Similarly, unless you are willing to invest time in social media marketing, you are unlikely to get significant returns. Social media is all about ongoing & continued engagement with your marketplace, and this needs continued investment in time and energy to deliver. Unless you are willing to commit this, you are probably wasting your time.

2. It’s not all about the big prize

Yes, if you invest in premium bonds, then you might win the jackpot, but you probably won’t. There is currently a 1 in 1 in 43,215,118,377 chance of any premium bond winning big. So even if you invest enough to stand a good chance of getting your 1.4% return, you probably won’t win a million, but that is not why most people buy them. The 1.4% that you are likely to get makes them a worthwhile investment. The fact that you might hit the jackpot is just a bonus!

It’s the same with social media. You probably won’t hit the jackpot like Captain Tom (Global coverage of his story, a number 1 single – and £28,310,754 pledged-at the last count). But I am sure that is not why he did it. He originally wanted to raise £1000 and would have been very happy if he had hit that target. The fact that it went viral, spread globally and raised such a large sum is a bonus. The fact is that even if your own post does not go viral, you can still get consistent, good returns from social media marketing.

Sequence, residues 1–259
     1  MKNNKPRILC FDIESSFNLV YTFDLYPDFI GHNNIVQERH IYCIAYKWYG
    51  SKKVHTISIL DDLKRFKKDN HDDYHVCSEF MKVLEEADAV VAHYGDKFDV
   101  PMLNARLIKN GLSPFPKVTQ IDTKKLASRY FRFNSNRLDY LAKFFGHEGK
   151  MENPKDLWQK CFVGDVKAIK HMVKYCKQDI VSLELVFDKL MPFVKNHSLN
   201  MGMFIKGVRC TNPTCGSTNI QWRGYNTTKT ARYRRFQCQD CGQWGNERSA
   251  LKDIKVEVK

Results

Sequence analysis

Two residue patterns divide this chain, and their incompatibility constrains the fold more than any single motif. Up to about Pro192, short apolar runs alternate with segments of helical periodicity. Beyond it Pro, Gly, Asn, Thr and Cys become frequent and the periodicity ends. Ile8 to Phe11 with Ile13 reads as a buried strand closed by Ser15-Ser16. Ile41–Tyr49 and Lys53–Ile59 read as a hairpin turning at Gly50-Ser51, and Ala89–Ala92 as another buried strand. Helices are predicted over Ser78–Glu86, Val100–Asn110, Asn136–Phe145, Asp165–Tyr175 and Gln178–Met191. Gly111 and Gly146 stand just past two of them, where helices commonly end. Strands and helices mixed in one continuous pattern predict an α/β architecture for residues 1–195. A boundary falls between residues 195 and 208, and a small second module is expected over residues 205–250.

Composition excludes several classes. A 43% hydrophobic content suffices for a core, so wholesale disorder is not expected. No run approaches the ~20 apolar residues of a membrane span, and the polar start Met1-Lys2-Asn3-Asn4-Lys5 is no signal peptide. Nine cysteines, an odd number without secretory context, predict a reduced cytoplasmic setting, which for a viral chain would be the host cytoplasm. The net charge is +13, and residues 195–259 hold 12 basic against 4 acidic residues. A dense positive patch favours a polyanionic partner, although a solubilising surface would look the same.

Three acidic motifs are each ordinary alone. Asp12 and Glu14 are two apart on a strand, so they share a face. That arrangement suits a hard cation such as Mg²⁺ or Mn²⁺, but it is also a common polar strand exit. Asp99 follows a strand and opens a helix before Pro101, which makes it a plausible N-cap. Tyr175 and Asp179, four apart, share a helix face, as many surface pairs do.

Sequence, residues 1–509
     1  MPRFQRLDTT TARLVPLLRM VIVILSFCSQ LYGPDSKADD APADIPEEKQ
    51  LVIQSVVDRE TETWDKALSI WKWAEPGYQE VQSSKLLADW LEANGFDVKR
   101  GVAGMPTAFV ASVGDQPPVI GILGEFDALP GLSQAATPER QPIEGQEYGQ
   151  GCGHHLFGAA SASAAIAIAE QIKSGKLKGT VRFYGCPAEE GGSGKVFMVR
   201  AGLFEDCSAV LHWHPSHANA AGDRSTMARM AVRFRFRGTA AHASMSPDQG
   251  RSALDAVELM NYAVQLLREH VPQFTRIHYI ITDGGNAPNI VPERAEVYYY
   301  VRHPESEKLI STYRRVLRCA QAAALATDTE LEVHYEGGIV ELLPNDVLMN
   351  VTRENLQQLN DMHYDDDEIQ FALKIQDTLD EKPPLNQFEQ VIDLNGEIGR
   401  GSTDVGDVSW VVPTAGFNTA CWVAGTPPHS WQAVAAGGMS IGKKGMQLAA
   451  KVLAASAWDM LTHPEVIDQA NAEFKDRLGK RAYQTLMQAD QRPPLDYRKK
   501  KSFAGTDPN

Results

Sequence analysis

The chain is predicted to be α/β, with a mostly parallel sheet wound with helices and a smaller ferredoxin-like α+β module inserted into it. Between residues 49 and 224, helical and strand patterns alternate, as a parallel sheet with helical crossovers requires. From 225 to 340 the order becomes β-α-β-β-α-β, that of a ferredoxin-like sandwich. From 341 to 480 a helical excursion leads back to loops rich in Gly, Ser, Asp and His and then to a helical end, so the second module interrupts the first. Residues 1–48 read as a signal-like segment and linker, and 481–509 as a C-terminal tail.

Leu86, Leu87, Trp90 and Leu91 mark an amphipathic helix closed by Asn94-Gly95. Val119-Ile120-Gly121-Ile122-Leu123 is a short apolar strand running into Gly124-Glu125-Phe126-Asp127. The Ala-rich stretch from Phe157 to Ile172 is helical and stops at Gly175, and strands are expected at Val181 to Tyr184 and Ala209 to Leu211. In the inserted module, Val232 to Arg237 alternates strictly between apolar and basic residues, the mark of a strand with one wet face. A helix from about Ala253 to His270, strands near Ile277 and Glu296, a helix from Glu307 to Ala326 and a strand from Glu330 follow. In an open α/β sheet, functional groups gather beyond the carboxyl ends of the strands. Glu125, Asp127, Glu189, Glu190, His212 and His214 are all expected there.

What’s more, where social media is concerned, going viral has consequences other than marketing returns. For Captain Tom, it was having to deal with 40,000 birthday cards from wellwishers – but that’s another post!

3. You can always move your investment

With premium bonds, whilst you are invested, your capital is tied up. The only return you will get is from that investment. But if at any time a better opportunity comes along, you can move your investment – withdrawing your funds and using them elsewhere. At that point, any benefits you were getting from your premium bonds investment will stop, but hopefully, you will get new benefits elsewhere.